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How does that old adage go? Ontario is flat- as flat at can be. 

For those who have explored the province, however, you know this is simply not true.

Look at Toronto on a map and all you see is a seemingly limitless grid of streets, extending indefinitely for kilometres in every direction (except to the south – the sea’s there!). But explore a little, and you’ll soon find steep ravines and the dramatic topography of river valleys spread all throughout the city, hidden beneath the grid.

A Harbourfront photography exhibit debunked the concept of a featureless Toronto topography last summer with No Flat City – a series of photos that explored Toronto’s more steep side.

But even for those in the know, that old notion that Ontario is flat is hard to shake.

Visiting Guelph in the past, the city seemed like another instance of even-grounded Ontario – but for a few rolling hills it felt like a limitless plane on which agricultural, suburban and urban development could be built indefinitely.

But as I get to know Guelph – drive down its streets, bike up its hills and walk along its rivers and alleys – I am learning the subtle topography of this place. As I push into Guelph’s topography, those subtle inclines become more dramatic – I understand where the highest bluffs and lowest river valleys are – I know where to go for the best views. (So far, that’s on College street just west of the University of Guelph, where the city looks like it’s emerging from an lush forest).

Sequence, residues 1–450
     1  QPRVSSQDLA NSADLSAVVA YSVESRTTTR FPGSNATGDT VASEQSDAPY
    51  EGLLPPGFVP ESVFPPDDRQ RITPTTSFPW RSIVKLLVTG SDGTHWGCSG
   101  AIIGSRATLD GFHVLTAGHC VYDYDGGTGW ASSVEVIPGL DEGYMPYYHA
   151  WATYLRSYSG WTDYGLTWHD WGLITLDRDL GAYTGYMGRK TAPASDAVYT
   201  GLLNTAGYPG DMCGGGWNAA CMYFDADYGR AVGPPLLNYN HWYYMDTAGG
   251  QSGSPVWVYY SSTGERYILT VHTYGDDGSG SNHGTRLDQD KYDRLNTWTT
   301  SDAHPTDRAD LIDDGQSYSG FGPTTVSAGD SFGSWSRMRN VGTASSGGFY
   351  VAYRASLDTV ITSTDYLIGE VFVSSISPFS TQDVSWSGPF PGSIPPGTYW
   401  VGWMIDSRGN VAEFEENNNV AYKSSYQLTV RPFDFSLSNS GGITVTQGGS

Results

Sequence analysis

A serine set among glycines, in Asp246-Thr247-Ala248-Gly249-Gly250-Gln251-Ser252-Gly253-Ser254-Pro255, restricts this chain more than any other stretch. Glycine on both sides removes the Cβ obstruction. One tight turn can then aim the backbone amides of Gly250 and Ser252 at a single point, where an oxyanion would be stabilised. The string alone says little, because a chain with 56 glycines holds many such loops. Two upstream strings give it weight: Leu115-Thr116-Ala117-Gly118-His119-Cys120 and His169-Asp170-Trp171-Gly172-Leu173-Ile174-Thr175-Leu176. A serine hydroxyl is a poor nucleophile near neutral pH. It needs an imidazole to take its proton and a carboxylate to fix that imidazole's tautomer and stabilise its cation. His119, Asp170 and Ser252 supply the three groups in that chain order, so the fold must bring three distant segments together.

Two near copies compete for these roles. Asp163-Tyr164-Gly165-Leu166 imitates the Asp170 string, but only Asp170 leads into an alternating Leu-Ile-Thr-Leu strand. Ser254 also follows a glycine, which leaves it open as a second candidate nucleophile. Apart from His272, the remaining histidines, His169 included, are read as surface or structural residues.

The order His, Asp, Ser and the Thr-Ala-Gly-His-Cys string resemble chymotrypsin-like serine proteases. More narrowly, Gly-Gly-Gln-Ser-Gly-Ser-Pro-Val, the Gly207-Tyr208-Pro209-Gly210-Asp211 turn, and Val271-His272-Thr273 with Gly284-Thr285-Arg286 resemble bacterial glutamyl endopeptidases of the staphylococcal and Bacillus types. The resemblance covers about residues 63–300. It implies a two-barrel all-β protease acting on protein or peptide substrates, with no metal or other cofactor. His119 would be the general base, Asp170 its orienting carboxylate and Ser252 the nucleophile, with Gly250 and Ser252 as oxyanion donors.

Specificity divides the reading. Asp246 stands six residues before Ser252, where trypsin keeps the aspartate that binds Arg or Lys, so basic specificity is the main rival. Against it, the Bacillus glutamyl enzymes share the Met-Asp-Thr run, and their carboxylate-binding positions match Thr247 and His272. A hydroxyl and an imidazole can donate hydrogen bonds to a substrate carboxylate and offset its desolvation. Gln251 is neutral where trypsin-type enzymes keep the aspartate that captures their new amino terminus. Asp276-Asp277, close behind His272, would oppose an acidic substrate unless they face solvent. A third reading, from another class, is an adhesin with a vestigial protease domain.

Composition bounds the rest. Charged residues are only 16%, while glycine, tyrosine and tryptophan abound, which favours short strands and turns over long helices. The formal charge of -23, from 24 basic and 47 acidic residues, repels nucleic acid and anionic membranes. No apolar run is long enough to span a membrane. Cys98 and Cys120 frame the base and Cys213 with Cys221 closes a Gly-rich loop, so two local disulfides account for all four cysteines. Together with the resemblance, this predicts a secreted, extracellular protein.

Whenever I look at a physical topographical map, I’m always surprised to see how unvaried the landscape seems from a large scale. I run my hands across the raised surfaces — even mountains appear like small bumps rising only slightly from the landscape.

There’s a subjective experience of topography that makes the hills appear beneath your fingers. Every huff of breath, every extra push in the pedal, every time your ears pop in the car, you are pushing into topography and making the ups and downs of landscape real and legible.

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